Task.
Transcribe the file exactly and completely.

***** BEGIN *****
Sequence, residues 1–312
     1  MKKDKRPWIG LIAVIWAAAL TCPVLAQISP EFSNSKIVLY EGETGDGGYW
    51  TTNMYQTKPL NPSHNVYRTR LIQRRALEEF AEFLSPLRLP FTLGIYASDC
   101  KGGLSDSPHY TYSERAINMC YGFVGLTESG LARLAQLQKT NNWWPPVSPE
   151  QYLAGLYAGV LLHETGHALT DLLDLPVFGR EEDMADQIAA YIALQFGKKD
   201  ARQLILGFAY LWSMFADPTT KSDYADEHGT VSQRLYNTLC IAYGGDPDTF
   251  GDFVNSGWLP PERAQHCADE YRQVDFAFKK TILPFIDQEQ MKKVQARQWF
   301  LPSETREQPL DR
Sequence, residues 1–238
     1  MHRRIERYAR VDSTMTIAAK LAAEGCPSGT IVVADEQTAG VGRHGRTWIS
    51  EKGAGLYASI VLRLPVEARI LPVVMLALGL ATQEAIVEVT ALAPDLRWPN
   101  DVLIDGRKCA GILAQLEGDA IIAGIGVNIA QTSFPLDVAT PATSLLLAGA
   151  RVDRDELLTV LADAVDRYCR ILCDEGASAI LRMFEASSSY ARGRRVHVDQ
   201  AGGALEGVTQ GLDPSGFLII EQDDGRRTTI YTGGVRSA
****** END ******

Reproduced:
Sequence, residues 1–312
     1  MKKDKRPWIG LIAVIWAAAL TCPVLAQISP EFSNSKIVLY EGETGDGGYW
    51  TTNMYQTKPL NPSHNVYRTR LIQRRALEEF AEFLSPLRLP FTLGIYASDC
   101  KGGLSDSPHY TYSERAINMC YGFVGLTESG LARLAQLQKT NNWWPPVSPE
   151  QYLAGLYAGV LLHETGHALT DLLDLPVFGR EEDMADQIAA YIALQFGKKD
   201  ARQLILGFAY LWSMFADPTT KSDYADEHGT VSQRLYNTLC IAYGGDPDTF
   251  GDFVNSGWLP PERAQHCADE YRQVDFAFKK TILPFIDQEQ MKKVQARQWF
   301  LPSETREQPL DR
Sequence, residues 1–238
     1  MHRRIERYAR VDSTMTIAAK LAAEGCPSGT IVVADEQTAG VGRHGRTWIS
    51  EKGAGLYASI VLRLPVEARI LPVVMLALGL ATQEAIVEVT ALAPDLRWPN
   101  DVLIDGRKCA GILAQLEGDA IIAGIGVNIA QTSFPLDVAT PATSLLLAGA
   151  RVDRDELLTV LADAVDRYCR ILCDEGASAI LRMFEASSSY ARGRRVHVDQ
   201  AGGALEGVTQ GLDPSGFLII EQDDGRRTTI YTGGVRSA